Jim Neveau, Blackhawks Correspondent
Friday night featured an intense battle between two Original Six franchises at the United Center in Chicago. The Blackhawks battled the Canadiens in a physical battle that was decided late in the third period, with the Hawks prevailing 3-2 on Patrick Sharp’s goal in the third period.
The big story of the game, however, was the play involving Hawks LW Andrew Ladd and Canadiens F Matt D’Agostini.
Less than four minutes into the game, D’Agostini was skating back toward a play when Ladd slammed into him near the blue line. Ladd was assessed a major penalty for elbowing, as well as a game misconduct, which left the Hawks with only 10 true forwards, a number that doesn’t inspire confidence for an already short-handed team.
As for D’Agostini, he did not return to the game after the hit, and looked extremely shaken up afterwards.
Needless to say, the blogosphere exploded after the hit had taken place. With hits from Brad Richards, Tuomo Ruutu, and others in recent days dominating the NHL headlines, and with ex-players like Keith Primeau calling for a “head-hit” ban, the Ladd incident will serve to keep that fire stoked.
Blogs from Puck Daddy to Blackhawks Confidential have discussed the hit already, and surely more will follow. The big question, with the seeming epidemic of head-shots in early going of the NHL season, is this: will Andrew Ladd be suspended for his hit?
Im my opinion, Ladd needs to be suspended, but only for one game. Screen-caps used by various websites have shown that his shoulder, not his elbow, landed the brutal blow to D’Agostini’s head, and a lot of folks are using this argument to say that Ladd should receive no further punishment for his hit.
I view the situation a little bit differently. Sure, Ladd didn’t lead out with his elbow on the play, contrary to the penalty that he received, but what he did is something that I feel lessens the integrity of the game: he deliberately aimed the blow at his opponent’s head, which isn’t kosher in an era that scientists are revealling even more compelling evidence that concussions never truly heal.
In Blackhawks Confidential’s coverage of the hit, author Mike Kiley discussed how the Hawks will likely argue that since Vancouver D Willie Mitchell wasn’t suspended for his hit on Jonathan Toews, then Ladd shouldn’t be suspended either.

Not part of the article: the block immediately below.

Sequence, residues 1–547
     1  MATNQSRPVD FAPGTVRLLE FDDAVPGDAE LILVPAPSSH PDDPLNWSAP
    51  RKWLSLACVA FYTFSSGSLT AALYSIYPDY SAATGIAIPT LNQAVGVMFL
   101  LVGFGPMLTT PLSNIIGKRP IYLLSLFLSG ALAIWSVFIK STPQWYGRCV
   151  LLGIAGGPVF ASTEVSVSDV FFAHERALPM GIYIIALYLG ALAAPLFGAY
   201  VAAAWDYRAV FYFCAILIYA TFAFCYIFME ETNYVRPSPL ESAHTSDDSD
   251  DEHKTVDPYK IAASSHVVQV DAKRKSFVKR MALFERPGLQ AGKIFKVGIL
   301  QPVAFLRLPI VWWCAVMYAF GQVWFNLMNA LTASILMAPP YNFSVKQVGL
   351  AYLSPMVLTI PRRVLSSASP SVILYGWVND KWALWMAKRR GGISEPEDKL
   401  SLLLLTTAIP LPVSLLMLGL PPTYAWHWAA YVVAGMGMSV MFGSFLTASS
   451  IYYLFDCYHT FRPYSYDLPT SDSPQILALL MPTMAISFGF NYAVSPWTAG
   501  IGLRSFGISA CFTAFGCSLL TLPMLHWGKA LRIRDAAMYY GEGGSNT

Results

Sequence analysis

This is a ludicrous comparison, considering that there was absolutely no evidence that Mitchell deliberately hit Toews in the head. If anything, he may have just been looking for a shoulder-to-shoulder blow, and he was definitely skating toward center ice, not deliberately at his opponent that he intended to hit.
Ladd, on the other hand, skated quite a ways to deliver his blow to D’Agostini, which caused him to have enough momentum to send his victim sprawling in a giant heap to the ice.
When the length of the head start is taken into account, it seems to me that Ladd was deliberately head-hunting, and that should be adequate reason to suspend him for at least one game.
The issue, of course, is that the NHL may decide that they need to firmly send a message against these kind of head-hits. If you watch videos online of the incidents in question, it certainly seems like a huge melee results afterward, whether or not the hit is clean. After the Mitchell, Toews, and Ladd hits, the two teams engaged in the kind of fight you would see in a movie like Slap Shot, or at least Ready to Rumble.
With the violence of these post-hit fights, Colin Campbell may decide that Ladd is going to be the lucky winner of the “send-a-message” contest, and suspend him for four or five games. Everyone will cry foul, and NHL analysts and Internet pundits will rise up and decry the NHL for over-reacting to the hit.
With any sort of luck, this will not happen, but in the end, all that matters is that Ladd should at least be punished for his head-hunting ways. One game is the appropriate length, but if the NHL decides that it needs to send a message, then they will be making a big mistake.Wait until a guy blatantly leads with an elbow, but don’t send a message at an inappropriate time.
James started out for The Hockey Writers covering the Atlanta Thrashers in 2009, and has also covered the Chicago Blackhawks, served as NHL Correspondent, and is now a Managing Editor and the site’s NHL Central Blogger. He also writes for The Golf Writers.